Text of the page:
Step 10: Moving Records. "The scanned records are sent to a Data Transfer Officer (DTO)." Id.

    Step 11: Reviewing Records. "The DTO conducts multiple scans to check whether any classified content or metadata are embedded in the record," a process the defendant's declarant states "can take hours to complete due to the nature of the screening program and the backlog of other requests." Id. at 1-2.

    Step 12: Reviewing Records. "If questions regarding content arise during the process, the DTOs require that the personnel who requested the DTO transfer certify that the data or content identified as suspect is not classified before proceeding with the transfer." Id. at 2.

    Step 13: Moving Records. "The DTO transfers the 'cleaned' or 'sanitized' records onto CD-ROM (or some other unclassified medium)." Id.

    Step 14: Reviewing Records. The defendant's IMS personnel, who are apparently not part of the DTO process, "open each document on the CD-ROM and review its metadata and content to ensure that not [sic] classified material has been deliberately reinserted into electronic records during the DTO process." Id. The defendant's declarant states this would need to be done for "each of the 19,000 pages of documents requested by plaintiff," id., though it is now unclear how many pages remain at issue given the plaintiffs significant narrowing of the requested records, see supra note 1.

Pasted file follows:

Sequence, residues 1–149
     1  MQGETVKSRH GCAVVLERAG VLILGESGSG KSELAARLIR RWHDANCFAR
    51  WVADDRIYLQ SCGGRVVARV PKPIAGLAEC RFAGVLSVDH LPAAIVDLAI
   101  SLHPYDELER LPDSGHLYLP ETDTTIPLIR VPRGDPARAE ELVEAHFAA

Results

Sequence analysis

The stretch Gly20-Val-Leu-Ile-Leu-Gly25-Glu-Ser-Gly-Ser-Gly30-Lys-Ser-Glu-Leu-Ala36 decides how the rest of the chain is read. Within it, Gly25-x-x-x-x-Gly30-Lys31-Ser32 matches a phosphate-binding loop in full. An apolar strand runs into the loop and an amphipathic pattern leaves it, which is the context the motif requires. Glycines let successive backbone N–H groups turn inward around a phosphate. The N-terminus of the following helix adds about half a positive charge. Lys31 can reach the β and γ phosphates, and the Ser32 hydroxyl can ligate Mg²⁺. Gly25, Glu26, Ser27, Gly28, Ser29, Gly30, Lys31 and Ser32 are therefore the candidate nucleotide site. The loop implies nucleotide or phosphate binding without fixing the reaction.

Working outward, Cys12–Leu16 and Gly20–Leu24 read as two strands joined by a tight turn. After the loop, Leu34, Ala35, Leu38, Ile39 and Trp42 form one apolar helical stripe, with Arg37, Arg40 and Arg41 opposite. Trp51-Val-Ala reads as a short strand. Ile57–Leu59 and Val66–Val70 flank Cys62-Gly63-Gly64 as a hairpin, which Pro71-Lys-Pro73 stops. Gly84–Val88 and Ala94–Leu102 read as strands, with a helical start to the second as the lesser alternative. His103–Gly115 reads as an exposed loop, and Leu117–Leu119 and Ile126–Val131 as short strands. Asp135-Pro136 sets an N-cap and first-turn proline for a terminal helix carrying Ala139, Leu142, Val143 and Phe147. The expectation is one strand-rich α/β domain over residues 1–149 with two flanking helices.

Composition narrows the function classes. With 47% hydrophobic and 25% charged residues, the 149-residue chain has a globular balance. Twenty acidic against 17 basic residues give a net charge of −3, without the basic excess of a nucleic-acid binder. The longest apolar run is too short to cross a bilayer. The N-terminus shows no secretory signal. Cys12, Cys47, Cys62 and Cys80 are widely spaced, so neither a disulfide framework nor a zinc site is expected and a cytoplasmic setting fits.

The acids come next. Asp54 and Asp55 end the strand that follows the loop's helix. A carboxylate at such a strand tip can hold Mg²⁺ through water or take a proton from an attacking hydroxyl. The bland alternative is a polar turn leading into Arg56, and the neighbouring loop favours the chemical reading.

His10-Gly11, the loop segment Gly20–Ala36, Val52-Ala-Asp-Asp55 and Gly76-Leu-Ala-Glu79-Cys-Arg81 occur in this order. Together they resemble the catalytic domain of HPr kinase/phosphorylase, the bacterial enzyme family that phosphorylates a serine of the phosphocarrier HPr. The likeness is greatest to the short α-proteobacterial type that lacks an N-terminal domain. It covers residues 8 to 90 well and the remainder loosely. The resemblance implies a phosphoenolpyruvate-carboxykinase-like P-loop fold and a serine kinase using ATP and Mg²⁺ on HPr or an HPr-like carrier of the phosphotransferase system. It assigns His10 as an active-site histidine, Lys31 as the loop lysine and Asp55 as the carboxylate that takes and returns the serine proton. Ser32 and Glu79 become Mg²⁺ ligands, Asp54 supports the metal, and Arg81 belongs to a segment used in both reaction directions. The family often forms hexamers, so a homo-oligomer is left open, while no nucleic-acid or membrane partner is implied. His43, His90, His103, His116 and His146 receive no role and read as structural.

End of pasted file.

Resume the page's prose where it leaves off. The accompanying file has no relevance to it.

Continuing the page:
Step 15: Releasing Records. The CD is sent to the requester. Id. |13|

Under this Rube-Goldbergian process, the same document, even if unclassified, must be printed from the defendant's classified system in paper form at least twice, at Steps 3 and 7, and rescanned into the same classified system at least twice, at Steps 4 and 9. |14| Every page of every electronic document is physically opened by at least two different employees of the defendant, at Steps 11 and Step 14, in addition to the visual inspection performed at Step 8 and the potential certification inspection at Step 12. The final reviewer, at Step 14, apparently ensures that none of the preceding reviewers, at Step 6, Step 8, Step 11, or Step 12, "deliberately reinserted" classified material into the electronic records.